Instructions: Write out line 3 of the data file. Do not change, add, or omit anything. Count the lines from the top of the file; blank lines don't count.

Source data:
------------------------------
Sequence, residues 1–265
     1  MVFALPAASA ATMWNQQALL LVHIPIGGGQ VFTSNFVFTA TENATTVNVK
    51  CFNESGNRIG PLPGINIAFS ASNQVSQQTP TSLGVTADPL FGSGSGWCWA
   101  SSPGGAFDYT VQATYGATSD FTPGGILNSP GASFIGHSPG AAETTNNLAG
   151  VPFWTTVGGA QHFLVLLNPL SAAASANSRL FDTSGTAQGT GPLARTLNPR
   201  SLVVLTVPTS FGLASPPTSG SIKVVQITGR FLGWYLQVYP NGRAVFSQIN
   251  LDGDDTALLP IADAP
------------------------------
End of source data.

    51  CFNESGNRIG PLPGINIAFS ASNQVSQQTP TSLGVTADPL FGSGSGWCWA